Middle East & Africa Personal Computing Devices Market Suffers Sharp Drop Due to COVID-19 Pandemic, with Impact Expected to Last Until at Least the End of 2020


The Middle East and Africa (MEA) personal computing devices (PCD) market, which is made up of desktops, notebooks, workstations, and tablets, saw shipments decline 10.2% year on year during the first quarter of 2020, according to industry analysis conducted by International Data Corporation (IDC). The global technology research and consulting firm’s latest Quarterly PCD Tracker shows that a total of 4.4 million units were shipped across the region in Q1 2020, which is the lowest volume since Q3 2009.

“The primary reason for this decline was the outbreak of the COVID-19 virus, which led to the closure of several factories in China and caused a shortage of supply across the region,” says Fouad Charakla, IDC’s senior research manager for client devices in the Middle East, Turkey, and Africa. “The lockdown measures that were subsequently implemented across the region led to a significant slowdown in both business activity and end-user demand. As a result, almost all countries in the region experienced a decline in PCD shipments year on year.

“With widespread work-from-home policies enacted by organizations across the region, many employees had to be equipped with notebooks to facilitate their ability to work remotely. As a result, the demand for notebooks suffered less than the demand for desktops, as many organizations requested for their desktop orders to be changed to notebooks. Similarly, with schools closing down, there was a slight surge in demand for notebooks and tablets in some parts of the region to facilitate remote learning.”

Looking at the key markets in MEA, South Africa experienced the biggest decline in shipments year on year. “With pre-existing economic challenges such as a low business confidence and high unemployment levels, the situation worsened as the South African rand weakened against the U.S. dollar during the quarter, making imports of all products—including personal computing devices—more expensive,” says Charakla. “Saudi Arabia also experienced a significant decline with a delay in shipments from the supply side combining with a slowdown in government-led initiatives.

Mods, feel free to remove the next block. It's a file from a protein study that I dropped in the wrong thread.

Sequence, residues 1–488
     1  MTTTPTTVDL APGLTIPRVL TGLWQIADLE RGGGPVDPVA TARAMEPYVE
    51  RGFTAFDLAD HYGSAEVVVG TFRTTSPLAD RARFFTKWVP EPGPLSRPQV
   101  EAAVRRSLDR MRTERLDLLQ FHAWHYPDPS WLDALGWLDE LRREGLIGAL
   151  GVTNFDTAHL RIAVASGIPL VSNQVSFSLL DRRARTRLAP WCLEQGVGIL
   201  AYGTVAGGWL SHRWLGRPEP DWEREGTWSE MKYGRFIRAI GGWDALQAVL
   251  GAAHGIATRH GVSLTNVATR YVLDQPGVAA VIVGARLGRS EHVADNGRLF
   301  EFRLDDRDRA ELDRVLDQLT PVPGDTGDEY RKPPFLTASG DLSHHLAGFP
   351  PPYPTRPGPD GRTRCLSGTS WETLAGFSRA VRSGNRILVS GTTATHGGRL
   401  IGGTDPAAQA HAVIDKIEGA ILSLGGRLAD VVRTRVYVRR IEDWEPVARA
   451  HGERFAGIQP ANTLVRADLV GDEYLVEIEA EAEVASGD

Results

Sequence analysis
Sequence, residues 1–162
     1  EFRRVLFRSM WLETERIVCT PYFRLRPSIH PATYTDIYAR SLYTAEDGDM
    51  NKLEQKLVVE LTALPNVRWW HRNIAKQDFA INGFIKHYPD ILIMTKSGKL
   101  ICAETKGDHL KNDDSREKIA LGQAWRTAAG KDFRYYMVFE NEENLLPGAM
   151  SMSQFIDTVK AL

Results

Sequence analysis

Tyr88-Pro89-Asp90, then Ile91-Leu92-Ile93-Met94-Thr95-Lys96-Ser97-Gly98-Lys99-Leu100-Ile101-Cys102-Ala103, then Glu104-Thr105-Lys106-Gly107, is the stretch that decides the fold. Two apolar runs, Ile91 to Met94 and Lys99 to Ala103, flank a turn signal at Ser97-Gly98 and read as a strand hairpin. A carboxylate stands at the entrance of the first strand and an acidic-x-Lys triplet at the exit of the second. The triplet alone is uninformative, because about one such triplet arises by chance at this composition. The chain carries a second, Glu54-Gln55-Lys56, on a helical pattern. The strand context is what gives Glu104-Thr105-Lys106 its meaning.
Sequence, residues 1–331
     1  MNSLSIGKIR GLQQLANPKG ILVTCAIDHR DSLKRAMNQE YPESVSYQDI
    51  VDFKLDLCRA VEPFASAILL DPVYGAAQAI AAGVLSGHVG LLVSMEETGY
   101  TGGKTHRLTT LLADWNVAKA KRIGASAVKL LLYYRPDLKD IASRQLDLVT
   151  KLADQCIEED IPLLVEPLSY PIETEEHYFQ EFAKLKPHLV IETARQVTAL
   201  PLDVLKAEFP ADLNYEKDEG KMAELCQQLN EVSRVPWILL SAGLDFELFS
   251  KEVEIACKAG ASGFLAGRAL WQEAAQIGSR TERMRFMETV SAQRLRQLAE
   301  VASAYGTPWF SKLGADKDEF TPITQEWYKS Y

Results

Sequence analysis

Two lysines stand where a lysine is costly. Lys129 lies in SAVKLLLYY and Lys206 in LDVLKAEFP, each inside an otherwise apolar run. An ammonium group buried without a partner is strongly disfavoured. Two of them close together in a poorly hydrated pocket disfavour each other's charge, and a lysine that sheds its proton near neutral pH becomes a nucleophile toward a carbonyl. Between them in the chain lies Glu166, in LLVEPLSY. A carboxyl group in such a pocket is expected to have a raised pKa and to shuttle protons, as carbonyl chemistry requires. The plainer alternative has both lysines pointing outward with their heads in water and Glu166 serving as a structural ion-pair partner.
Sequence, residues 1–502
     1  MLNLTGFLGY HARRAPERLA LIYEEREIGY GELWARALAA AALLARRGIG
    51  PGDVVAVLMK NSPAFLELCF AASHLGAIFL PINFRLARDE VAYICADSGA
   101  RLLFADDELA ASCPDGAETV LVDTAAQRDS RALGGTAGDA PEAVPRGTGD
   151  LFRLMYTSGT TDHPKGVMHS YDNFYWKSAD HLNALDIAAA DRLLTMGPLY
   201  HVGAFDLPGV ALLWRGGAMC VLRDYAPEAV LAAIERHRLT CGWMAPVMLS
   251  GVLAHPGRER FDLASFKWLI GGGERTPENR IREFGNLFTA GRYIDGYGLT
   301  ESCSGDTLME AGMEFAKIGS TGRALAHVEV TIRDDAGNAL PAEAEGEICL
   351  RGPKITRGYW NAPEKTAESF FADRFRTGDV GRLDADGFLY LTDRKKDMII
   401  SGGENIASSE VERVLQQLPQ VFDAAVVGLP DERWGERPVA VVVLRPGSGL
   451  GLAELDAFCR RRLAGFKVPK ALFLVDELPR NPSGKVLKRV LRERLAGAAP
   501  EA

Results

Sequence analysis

“On the flip side, Turkey saw an increase in PCD shipments year on year, as the market recovered from the slowdown experienced in the corresponding quarter of 2019. At the same time, a large-scale delivery of tablets into Egypt’s education sector also helped to cushion the decline in shipments for the overall region.”

In the PC segment, the top three vendors maintained their rankings. Despite suffering a sharp decline in shipments year on year, HP continued to lead in terms of market share. Lenovo achieved some growth in shipments, while Dell experienced a downturn.

Middle East & Africa PC Market Vendor Shares – Q1 2019 vs. Q1 2020


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Q1 2020

HP Inc.












In the tablet space, backed by the large-scale education delivery in Egypt, Samsung maintained its top position. Huawei ranked second, while Apple came in third.

Middle East & Africa PC Market Vendor Shares – Q1 2019 vs. Q1 2020


Q1 2019

Q1 2020













“The future holds much uncertainty as a lot depends on how quickly the spread of the COVID-19 virus itself can be controlled,” says Charakla. “However, given the prevailing conditions, IDC expects PCD shipments for Q2 2020 and the rest of the year to be further impacted by the pandemic-induced slowdown, with the year 2020 expected to suffer a considerable decline in shipments.

“Oil prices, which have also suffered tremendously, will significantly impact the GDP of many countries in the region, especially the Gulf. This will inevitably lead to tighter spending on government-led initiatives. However, the easing of lockdown regulations now taking place in many parts of the region should prevent any further alarmingly sharp declines at the regional level.”